Earnest Sweat 08:57
Yeah, I am extremely bullish right now. And I hate this because we agree. But yeah, and I’m actually I’ve heard well, I’ve seen as well as talked to some other fellow series A investors and you’re starting to see just a variety of points on, like, our opinions on what series A metrics should be. Yeah, and so that’s causing this the same problems we saw in series B and Series C A year ago, like, what is series B? What is the Series C pricing because we were at a whack the last couple of years, you’re seeing that in series A so like for the and this is throwing out even the AI companies that they’re just going to price and whatever they price it, but everything else when you’re having good growth, good companies, everybody’s like yeah, good. to 1 million ARR is that actually the right number? And is it really about whether you have the ability to create a sustainable, enduring business that can grow fast or when the markets are right? And so, yeah, I think the pricing is going to be very interesting right now, especially if you raised a seed in the kind of height of the market 2021 2022. So yeah, I love that I’m extremely bullish on the series. Okay,

Alexa Binns 10:34
So if you are a precedent or seed fund, maybe what you need to do is a tiny little opportunity fund. Like maybe that’s the thing to be raising right now. No,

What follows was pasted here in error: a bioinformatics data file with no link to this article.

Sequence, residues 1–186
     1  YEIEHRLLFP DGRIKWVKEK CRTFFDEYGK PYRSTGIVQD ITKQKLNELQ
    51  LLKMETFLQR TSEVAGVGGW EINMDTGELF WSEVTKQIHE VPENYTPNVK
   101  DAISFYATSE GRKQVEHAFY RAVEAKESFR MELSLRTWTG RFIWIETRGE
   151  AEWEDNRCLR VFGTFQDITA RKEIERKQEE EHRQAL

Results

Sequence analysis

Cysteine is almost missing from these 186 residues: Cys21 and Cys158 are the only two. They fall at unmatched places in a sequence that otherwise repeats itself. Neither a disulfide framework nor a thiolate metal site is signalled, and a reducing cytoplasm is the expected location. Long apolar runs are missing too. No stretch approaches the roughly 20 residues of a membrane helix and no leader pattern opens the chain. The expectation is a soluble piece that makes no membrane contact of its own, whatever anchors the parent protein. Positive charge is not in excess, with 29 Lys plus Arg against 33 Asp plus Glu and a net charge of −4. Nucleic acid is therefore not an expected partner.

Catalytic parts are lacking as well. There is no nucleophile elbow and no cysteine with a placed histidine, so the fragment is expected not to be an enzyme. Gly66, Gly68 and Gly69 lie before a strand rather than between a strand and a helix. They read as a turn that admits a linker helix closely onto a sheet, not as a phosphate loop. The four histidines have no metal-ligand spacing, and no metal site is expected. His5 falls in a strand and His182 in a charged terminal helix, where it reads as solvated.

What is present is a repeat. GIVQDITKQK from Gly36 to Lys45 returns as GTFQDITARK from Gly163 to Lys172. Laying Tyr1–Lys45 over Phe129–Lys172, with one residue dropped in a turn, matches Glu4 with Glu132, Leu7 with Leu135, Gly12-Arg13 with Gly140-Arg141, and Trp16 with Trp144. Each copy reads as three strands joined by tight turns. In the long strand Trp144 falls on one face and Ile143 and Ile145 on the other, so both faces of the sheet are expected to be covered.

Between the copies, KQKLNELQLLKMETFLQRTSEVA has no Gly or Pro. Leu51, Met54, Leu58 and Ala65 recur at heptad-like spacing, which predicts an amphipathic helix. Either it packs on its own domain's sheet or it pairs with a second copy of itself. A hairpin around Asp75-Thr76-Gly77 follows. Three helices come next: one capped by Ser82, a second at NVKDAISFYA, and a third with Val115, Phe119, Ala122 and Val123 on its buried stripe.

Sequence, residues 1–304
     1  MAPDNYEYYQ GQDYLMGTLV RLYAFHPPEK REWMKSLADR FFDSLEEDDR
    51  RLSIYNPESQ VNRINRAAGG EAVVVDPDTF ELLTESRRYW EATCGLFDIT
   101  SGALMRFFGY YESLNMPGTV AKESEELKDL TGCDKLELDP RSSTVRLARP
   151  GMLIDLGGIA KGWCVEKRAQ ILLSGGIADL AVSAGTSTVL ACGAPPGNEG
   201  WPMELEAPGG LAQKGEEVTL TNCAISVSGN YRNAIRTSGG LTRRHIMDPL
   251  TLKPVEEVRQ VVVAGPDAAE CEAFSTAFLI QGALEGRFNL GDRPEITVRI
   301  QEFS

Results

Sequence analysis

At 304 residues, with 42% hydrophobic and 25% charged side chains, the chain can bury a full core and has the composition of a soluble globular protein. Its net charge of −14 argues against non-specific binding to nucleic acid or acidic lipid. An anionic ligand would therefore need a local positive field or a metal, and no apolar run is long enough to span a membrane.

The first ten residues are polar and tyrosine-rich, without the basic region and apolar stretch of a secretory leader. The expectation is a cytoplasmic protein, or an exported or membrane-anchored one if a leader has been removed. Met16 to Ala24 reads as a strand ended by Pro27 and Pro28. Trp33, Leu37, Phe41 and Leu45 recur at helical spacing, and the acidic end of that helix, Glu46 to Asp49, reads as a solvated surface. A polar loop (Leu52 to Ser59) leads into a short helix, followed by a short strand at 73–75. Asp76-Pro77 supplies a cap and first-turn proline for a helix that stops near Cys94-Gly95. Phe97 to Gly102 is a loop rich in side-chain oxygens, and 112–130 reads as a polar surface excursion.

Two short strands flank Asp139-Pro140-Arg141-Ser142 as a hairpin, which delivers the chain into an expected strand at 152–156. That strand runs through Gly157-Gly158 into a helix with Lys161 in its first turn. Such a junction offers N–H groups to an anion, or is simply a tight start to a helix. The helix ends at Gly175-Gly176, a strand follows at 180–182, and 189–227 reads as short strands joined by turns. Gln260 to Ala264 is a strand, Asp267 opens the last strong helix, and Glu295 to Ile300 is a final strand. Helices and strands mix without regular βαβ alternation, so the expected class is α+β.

Earnest Sweat 10:44
I disagree that I think

Alexa Binns 10:48
We’ve learned I’m glad we have something we disagree with. This is more Yeah. Yeah, exactly.

Earnest Sweat 10:52
Thank you. Thank you for saying something wrong, Alexa. So it’s, I completely disagree right now, I think if we look at the ZURB era, where we had, what we had there was like, obviously, cheap capital. But we also had a lot of new managers as well as established managers have scope creep, right. And as I’ve talked to allocators more and more over these last couple of years, I can see their point of like, Hey, I am making a big bet. And risk. Yeah, especially if I’m an institutional find on you, Earnest, you, Alexa, to do what you told me you were going to do to then think when you come back, and you’re actually doing well, and what you told me you would do and then say, but yeah, actually, I want to do all this other stuff. In it, that means I have to diligence, something totally new. And question all these other things. And so I would say kind of like a way to meet in the middle is as you have great companies that you’ve invested in, or even I’ve always argued, even companies that maybe you tried to get in, but missed. If you have the ability and some strong LPS that are willing to do co investments with you, that’s a way for you to like to maintain ownership, or even increase your ownership or make brand new investments. That’s kind of like a middle ground instead of doing an opportunity fund.

Alexa Binns 12:30
Ya know, and I would argue that somebody who does consistently like yourself, knows what you’re up against, versus if you’re a pre seed and seed investor, you don’t see hundreds of decks of other rounds. So I truly would trust the series A you guys to pick among the winners, more than that, more than the insiders.